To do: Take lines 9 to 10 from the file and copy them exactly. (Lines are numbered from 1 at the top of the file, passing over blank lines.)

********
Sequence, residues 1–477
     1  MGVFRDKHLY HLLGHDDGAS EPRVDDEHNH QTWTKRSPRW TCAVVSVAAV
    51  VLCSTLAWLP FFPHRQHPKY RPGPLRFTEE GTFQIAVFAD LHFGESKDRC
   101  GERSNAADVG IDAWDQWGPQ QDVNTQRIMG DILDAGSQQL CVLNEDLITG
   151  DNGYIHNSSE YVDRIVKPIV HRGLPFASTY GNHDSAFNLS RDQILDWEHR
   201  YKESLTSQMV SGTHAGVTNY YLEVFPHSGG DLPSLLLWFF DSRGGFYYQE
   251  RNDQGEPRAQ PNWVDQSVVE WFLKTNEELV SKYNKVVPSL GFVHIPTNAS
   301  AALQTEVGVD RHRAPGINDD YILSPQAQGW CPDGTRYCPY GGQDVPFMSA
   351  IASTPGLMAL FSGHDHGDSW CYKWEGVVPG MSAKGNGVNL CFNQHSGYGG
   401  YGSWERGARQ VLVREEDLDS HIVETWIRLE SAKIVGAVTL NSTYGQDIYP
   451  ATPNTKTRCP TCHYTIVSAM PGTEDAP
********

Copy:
   351  IASTPGLMAL FSGHDHGDSW CYKWEGVVPG MSAKGNGVNL CFNQHSGYGG
   401  YGSWERGARQ VLVREEDLDS HIVETWIRLE SAKIVGAVTL NSTYGQDIYP